A joint statement from Dr Samantha Batt-Rawden, President the Doctors’ Association UK and an intensive care doctor, and Dr Rinesh Parmar, Chair of the Doctors’ Association UK, also an intensive care doctor:
“The Doctors’ Association UK is deeply saddened to hear of the death of Dr Amged El-Hawrani, an ENT consultant aged 55, due to COVID-19. Our thoughts are with their family at this painful time.
All doctors, including our members, will be deeply affected by this tragic sad news. We recognise that this will be an incredibly difficult time for the medical profession. However we have no doubt that doctors will continue to man the frontlines in the effort to fight this pandemic.
Doctors hold a vocation for everything that they do and feel a strong moral duty towards their patients. We have heard stories of frontline doctors who have volunteered to sleep in hospitals in the effort to treat COVID-19 patients. We have heard of those who have set up a babysitting rota with their colleagues to ensure doctors can continue to serve patients and the NHS in the event of school closures. Their dedication knows no bounds. However the government must recognise this commitment to the NHS and ensure doctors are adequately protected when putting themselves in harms way.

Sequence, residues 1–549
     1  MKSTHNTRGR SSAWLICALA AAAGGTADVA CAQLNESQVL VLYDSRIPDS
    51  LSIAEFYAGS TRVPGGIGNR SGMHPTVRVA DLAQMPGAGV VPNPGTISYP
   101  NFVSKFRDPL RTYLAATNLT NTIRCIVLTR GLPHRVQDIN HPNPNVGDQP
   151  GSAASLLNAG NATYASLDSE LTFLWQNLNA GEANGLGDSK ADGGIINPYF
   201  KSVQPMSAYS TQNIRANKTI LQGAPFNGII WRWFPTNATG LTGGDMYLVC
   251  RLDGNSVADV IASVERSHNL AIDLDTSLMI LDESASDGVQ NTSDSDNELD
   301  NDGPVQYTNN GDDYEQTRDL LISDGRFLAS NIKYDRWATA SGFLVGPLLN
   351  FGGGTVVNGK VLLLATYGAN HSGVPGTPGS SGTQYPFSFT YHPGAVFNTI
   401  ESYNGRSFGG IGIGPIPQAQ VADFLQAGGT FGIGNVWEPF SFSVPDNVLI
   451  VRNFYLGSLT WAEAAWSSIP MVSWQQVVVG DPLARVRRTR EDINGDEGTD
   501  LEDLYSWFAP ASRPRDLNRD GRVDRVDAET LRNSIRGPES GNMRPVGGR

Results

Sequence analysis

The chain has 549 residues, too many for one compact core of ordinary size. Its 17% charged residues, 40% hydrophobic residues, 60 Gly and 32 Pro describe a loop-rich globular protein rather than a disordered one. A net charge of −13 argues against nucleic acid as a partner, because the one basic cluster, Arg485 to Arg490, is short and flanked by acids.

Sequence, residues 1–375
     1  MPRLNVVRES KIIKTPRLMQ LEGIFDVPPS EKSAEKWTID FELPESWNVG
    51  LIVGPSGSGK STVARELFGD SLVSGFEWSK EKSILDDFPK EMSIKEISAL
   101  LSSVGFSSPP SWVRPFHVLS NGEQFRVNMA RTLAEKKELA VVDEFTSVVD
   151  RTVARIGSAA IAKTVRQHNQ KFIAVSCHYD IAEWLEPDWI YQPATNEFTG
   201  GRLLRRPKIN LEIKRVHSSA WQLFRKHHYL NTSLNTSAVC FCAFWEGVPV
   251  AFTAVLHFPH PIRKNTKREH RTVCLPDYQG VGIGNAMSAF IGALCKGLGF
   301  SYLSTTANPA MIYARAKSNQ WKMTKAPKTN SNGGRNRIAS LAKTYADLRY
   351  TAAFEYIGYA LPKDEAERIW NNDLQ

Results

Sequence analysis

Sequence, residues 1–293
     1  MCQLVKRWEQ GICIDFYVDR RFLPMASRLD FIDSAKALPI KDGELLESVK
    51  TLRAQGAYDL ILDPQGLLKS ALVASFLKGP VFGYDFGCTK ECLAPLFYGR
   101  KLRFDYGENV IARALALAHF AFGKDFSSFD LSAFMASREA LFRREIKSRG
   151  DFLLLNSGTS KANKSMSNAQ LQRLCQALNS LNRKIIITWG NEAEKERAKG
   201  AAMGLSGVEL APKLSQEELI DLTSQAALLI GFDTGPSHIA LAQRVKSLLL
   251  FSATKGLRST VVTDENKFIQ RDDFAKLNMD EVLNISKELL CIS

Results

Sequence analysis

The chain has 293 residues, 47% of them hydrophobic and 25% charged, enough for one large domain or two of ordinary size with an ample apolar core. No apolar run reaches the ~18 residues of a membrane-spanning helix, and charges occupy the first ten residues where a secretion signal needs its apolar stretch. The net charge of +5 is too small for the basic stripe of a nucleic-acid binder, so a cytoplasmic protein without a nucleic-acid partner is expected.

It is simply unacceptable that some doctors still do not have access to adequate personal protective equipment. This is crucial, especially for the highest risk procedures undertaken by intensive care doctors, anaesthetists and ear, nose and throat (ENT) surgeons. This now must be made a priority for this government in protecting the lives of the life-savers.
It is also vital that doctors have access to mental health and wellbeing support as they continue to fight this pandemic in the wake of a loss of a colleague.
As the medical community mourns this tragic loss, we would like to extend our thanks to those who are continuing to work themselves into the ground to keep patients safe.
Our thoughts are very much with Dr El-Hawrani’s family. We have no words and cannot imagine their grief.”
Dr Samantha Batt-Rawden and Dr Rinesh Parmar